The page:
New models - Porsche - Cayman
LA show: Porsche unveils all-new Cayman
Orders books open for new Porsche Cayman, due in April and priced from $115,500
29 Nov 2012
By TERRY MARTIN
PORSCHE has taken the covers off its second-generation Cayman at this week’s Los Angeles auto show as expected, revealing a longer, lighter and faster mid-engined entry-level coupe that is scheduled to hit Australian showrooms in late-April next year.
Although ahead of the show the Stuttgart marque would confirm only that it was presenting a new “compact sportscar” in LA, the Boxster-based coupe was indeed the star attraction on Porsche’s stand and marks a continuation of the company’s regeneration of its performance-car range.
This started with the seventh-generation 911 released in Australia in February this year, followed in June by the third-generation Boxster roadster – a model that showed the direction Porsche would also take with the related Cayman.
As it did with Boxster, Porsche Cars Australia has also kept a relatively tight rein on pricing, with the base 2.7-litre Cayman to start from $115,500 (plus on-road costs) – up just $400 on the previous model which ended production earlier this year.
The 3.4-litre Cayman S will kick off from $150,400, which is up $2900 on the previous model.
As with Boxster, the base Cayman displaces 200cc less than before but the 2.7-litre engine employs direct fuel injection to produce more power (but less torque) – now at 202kW at 7400rpm and 290Nm at 4500-6500rpm.
This is enough for the coupe to hit 100km/h from standstill in 5.7 seconds, and reach a top speed of 266km/h, with the standard six-speed manual gearbox.
NEDC combined-cycle fuel consumption is listed at 8.2 litres per 100km and CO2 emissions 192g/km.
The optional seven-speed PDK dual-clutch transmission shaves a tenth off the 0-100km/h sprint, with the Sport Chrono package lowering the benchmark further to 5.4 seconds, thanks to launch control.
The PDK version has a slightly lower top speed (264km/h) but markedly better economy and emissions of 7.7L/100km and 180g/km respectively.
The Cayman S sticks with a 3.4-litre flat-six engine, albeit reworked to deliver slightly more power and the same level of torque as the previous unit – 239kW at 7400rpm and 370Nm at 4500-5800rpm – which is enough to see the manual-equipped coupe reach 100km/h in 5.0 seconds, on its way to a 283km/h top speed.
PDK lowers the S-branded Cayman’s 0-100km/h sprint to 4.9 seconds (4.7 seconds with Sport Chrono), top speed is 281km/h and economy/emissions are 8.0L/100km and 188g/km – again, a significant improvement over the manual which manages 8.8L/100km and 206g/km.
The higher levels of engine and driving performance achieved across the board with the redesigned Cayman – including up to 15 per cent lower fuel consumption – owes much to the weight savings achieved with the new steel-aluminium body based on the new Boxster’s.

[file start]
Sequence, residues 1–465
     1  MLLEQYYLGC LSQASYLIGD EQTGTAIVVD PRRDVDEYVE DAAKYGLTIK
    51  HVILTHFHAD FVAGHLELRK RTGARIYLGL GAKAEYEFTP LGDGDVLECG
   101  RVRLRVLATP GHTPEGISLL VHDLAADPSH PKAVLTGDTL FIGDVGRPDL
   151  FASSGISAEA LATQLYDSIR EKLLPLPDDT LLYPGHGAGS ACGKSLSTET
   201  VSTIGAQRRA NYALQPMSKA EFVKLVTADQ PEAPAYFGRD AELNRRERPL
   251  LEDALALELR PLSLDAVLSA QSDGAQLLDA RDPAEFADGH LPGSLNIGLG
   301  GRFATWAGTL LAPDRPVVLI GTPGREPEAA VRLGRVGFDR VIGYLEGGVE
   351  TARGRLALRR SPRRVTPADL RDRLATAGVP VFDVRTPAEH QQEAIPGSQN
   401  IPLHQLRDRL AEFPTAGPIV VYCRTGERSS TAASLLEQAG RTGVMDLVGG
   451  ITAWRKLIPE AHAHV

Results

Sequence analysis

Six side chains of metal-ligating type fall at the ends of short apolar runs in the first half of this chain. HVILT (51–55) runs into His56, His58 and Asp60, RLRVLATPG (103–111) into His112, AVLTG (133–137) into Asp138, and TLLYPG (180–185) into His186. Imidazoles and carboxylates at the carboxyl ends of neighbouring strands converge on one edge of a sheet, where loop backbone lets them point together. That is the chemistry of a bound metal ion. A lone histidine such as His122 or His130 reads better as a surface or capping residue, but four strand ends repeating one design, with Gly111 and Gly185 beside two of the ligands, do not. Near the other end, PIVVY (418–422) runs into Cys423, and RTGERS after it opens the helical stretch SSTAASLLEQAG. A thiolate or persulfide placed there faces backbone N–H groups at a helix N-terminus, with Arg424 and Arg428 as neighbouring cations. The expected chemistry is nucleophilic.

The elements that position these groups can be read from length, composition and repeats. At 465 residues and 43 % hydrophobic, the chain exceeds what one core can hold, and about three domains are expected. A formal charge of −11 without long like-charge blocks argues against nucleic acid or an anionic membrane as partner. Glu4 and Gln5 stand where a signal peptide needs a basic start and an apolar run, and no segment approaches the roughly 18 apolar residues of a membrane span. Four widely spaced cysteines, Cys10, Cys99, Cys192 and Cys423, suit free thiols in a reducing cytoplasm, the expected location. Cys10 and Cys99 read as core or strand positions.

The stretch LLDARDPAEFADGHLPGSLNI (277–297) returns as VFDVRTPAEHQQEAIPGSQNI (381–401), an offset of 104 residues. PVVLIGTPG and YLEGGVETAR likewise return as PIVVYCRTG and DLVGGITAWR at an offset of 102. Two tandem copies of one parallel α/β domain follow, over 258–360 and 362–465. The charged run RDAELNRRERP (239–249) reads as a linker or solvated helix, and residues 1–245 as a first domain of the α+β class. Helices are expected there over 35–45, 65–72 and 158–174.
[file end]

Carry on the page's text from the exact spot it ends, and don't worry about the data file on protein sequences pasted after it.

As a result, the coupe is now around 30kg lighter than before – tipping the scales at 1310kg in base form – despite the bigger dimensions, extra features, larger glass surfaces and larger wheels.
Pare that back to the vehicle’s ‘body in white’ and weight is down by around 47kg, while torsional rigidity is boosted by a claimed 40 per cent.
As with Boxster, the new Cayman becomes available with 911 technologies including ceramic brakes and Porsche Torque Vectoring (which brakes the inside rear wheel for greater cornering agility), while reworked MacPherson strut front and rear suspension, larger front brakes for Cayman S and fuel-saving electro-mechanical power steering also carry over from the roadster.
A new generation of the optional PASM active damping system also features on the new model, while the standard wheel size is 18-inch on Cayman and 19-inch on Cayman S, with 20-inch rims optional. Lower-resistance tyres have also been adopted as standard.
Resting on a wheelbase that is 60mm longer (at 2475mm), the new Cayman is 35mm longer (to 4380mm), a fraction wider (to 1801mm) and 10mm lower in overall height (to 1294mm). Front/rear track is 1526mm/1536mm.
As the figures suggest, the Cayman’s proportions have changed considerably with the larger cabin, longer wheelbase and shorter overhangs, while the lower height also serves to reduce its centre of gravity.
The company emphasises that the redesign still leaves us with “clearly a Porsche sport coupe” and that the “precise lines and razor-sharp sculpted edges” emphasise the new Cayman’s low, extended silhouette, with the windscreen shifted forward and the roofline extending further rearward.
Commonalities with the aggressive new 981-series Boxster are clear, but Porsche designers have also added some “identifying features” to the coupe include a circular design for the daytime running lights in the front air inlets and styling treatments at the rear end, including more curvaceous rear fenders and a higher and more sharply angled rear spoiler across a larger bootlid.
The latter provides better access to the rear boot space, while overall luggage capacity increases slightly – now 162 litres at the rear in the space above the engine, and 150 litres at the front end.
The extra room in the two-seater cabin enables extra seat adjustment for the driver and passenger, while Porsche also points to improvements in ergonomics, storage facilities and host of new features, such as a specially developed Burmester sound system and the availability of adaptive cruise control.
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